By Jacob Carter
Release Date: September 8, 2017
There’s no shortage of indie rock albums about relationships. But in an environment oversaturated with with synth-heavy, reverb-soaked breakup songs, how do you push the bar forward? There’s no right answer, but there are bands that are tinkering with that sound, and in the case of Alvvays on their new LP Antisocialites, coming damn close to perfecting it, even if they never stray too far out of their comfort zone.
After debuting with one of the best indie-pop albums in recent memory in 2014, Toronto natives Alvvays stayed relatively quiet in terms of new music. July saw the release of earworms (and album openers) “In Undertow” and “Dreams Tonite” leading up to the full album’s release in September. In the time since their self-titled debut, Alvvays has matured their sound without sacrificing any of the trademark mysticism that comes with it. Singer Molly Rankin’s vocals are still the center point of most, if not all of the songs on Antisocialites and the rest of the band does a remarkable job playing around her voice.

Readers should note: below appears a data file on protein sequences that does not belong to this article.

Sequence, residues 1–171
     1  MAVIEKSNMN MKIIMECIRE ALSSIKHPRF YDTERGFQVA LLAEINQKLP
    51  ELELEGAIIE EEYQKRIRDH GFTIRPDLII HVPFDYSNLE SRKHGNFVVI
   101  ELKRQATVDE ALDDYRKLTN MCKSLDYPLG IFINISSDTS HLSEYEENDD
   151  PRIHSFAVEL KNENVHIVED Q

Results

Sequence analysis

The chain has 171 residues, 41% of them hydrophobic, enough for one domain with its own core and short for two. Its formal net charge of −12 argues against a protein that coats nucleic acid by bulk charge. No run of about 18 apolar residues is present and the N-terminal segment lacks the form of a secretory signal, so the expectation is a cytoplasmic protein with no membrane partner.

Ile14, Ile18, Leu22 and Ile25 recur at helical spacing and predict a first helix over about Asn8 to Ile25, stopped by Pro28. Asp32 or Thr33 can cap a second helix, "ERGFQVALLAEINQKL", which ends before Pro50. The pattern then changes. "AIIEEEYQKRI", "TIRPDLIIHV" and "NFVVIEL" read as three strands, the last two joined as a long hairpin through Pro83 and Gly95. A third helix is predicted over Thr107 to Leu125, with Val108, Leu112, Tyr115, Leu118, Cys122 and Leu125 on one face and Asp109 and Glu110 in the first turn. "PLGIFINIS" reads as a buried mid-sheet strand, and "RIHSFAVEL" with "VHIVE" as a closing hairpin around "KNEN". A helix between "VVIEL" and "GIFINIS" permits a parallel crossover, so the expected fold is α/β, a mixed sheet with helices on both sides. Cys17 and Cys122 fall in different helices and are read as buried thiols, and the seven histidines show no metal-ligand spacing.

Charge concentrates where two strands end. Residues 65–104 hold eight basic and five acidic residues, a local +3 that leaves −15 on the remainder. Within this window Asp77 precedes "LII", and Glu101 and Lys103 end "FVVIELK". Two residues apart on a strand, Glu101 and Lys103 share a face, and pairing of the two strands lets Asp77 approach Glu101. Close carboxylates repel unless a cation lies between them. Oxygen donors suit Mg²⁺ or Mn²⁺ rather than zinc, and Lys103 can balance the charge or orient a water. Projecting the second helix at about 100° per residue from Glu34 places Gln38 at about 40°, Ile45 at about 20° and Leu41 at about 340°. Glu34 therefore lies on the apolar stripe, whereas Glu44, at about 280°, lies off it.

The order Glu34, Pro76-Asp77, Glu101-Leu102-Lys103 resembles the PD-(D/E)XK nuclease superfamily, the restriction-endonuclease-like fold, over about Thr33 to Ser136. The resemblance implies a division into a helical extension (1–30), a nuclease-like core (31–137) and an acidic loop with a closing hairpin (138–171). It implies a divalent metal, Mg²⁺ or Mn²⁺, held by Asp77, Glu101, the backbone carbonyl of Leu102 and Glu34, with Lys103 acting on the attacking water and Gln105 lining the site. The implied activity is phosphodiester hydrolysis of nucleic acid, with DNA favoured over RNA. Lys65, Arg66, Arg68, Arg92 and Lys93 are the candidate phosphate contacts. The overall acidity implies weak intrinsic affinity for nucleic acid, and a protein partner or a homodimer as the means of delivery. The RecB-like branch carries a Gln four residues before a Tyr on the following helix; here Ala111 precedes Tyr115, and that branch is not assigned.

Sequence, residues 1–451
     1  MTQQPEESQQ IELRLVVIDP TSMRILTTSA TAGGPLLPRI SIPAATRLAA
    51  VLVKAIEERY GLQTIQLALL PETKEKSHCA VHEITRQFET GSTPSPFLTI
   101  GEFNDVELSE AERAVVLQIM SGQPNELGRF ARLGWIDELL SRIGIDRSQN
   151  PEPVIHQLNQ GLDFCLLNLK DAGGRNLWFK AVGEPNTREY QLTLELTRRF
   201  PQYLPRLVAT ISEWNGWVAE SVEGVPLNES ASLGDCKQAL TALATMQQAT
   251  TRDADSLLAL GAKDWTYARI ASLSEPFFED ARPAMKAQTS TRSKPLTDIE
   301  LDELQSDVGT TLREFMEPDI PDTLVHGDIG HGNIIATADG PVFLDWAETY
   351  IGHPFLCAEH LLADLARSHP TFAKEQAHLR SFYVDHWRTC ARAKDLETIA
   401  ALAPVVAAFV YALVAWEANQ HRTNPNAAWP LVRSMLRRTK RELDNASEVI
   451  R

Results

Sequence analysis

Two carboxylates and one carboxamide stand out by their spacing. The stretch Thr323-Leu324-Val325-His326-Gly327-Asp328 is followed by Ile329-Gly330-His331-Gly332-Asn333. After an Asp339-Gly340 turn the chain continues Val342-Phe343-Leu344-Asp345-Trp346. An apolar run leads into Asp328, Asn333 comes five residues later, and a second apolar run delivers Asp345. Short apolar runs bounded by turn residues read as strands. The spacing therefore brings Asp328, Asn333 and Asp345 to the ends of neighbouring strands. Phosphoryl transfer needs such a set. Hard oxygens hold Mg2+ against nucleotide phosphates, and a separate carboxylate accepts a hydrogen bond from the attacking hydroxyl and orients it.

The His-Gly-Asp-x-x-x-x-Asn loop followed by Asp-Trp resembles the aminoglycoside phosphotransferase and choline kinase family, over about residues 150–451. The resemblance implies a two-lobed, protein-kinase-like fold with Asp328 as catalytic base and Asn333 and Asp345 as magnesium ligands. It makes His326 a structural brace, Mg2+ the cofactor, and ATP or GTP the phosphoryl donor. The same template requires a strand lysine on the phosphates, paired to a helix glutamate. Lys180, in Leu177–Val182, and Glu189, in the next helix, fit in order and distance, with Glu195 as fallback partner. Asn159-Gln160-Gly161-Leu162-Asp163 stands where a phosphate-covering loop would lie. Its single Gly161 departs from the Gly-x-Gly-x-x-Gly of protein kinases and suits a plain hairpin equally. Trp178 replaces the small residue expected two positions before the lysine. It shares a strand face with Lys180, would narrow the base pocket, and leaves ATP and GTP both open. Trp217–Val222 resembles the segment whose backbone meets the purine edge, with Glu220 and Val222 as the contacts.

“In Undertow” is easily the breakout song of the album, encapsulating all the best qualities of the band. The song’s heavy distortions and foggy guitar hooks perfectly accompany one of the catchiest choruses to come out this year. In fact, the first two tracks of Antisocialites are so good, the rest of the album feels like it comes in their wake. I had to listen through a few times before I could really focus on songs like “Saved By A Waif” and “Forget About Life”. A lot of the tracks on this album have a meandering quality to them, which matches perfectly matches the subject matter of Antisocialites.
All the relationships on Antisocialites feel fleeting, like Rankin is floating aimlessly from one thing to the next and trying to pick up the pieces along the way. The whole album feels cathartic in a triumphant way. I wouldn’t call any of the songs on this album bitter, but there’s some hang-ups Rankin sings about that feel deeply personal, like in “Dreams Tonite” when she sings, “Who starts a fire just to let it go out?” Or in “Saved By A Waif” when she sings, “Mommy wants you to be a doctor so she can tell her friends you’re like your father.” But that’s part of what makes “In Undertow” so triumphant. “You made a mistake you tried to erase and I understand,” sings Rankin as she tries to get the point across that “there’s no turning back.” “In Undertow” is the first song on the album, to set up the context that the hapless inhabitants of Antisocialites can, and should be proud of the control they have over their lives, and who they choose to share them with.
While some of the songs on Antisocialites melt together in a way that’s not always super engaging, its handful of breakout tracks more than make up for it. Alvvays is really learning how to use its voice, and if this album is any indication, they’ll only get better at it with time.